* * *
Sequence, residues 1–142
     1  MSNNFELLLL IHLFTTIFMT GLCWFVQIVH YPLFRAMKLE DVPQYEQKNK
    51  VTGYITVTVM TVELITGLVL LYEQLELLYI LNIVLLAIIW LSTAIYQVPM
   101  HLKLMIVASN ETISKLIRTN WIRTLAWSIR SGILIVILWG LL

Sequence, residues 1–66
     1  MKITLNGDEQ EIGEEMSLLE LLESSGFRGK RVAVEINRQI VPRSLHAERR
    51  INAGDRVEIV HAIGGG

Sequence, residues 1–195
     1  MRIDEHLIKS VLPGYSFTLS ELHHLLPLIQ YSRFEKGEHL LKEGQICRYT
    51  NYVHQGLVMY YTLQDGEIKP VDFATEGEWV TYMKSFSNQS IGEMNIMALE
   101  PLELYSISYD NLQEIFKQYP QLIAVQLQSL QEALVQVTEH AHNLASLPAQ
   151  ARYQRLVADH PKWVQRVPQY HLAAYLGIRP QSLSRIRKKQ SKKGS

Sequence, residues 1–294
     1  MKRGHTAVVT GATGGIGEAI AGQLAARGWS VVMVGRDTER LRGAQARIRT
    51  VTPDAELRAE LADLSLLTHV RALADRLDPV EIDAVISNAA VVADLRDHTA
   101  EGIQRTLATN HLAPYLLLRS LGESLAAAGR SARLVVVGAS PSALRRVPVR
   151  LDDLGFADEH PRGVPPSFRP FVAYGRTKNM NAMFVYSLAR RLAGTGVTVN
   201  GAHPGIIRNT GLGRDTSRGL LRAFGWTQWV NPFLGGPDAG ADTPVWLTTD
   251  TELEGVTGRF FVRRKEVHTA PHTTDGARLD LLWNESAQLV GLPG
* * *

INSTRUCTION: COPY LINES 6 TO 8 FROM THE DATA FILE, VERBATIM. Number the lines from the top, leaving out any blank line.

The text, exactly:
     1  MKITLNGDEQ EIGEEMSLLE LLESSGFRGK RVAVEINRQI VPRSLHAERR
    51  INAGDRVEIV HAIGGG

Sequence, residues 1–195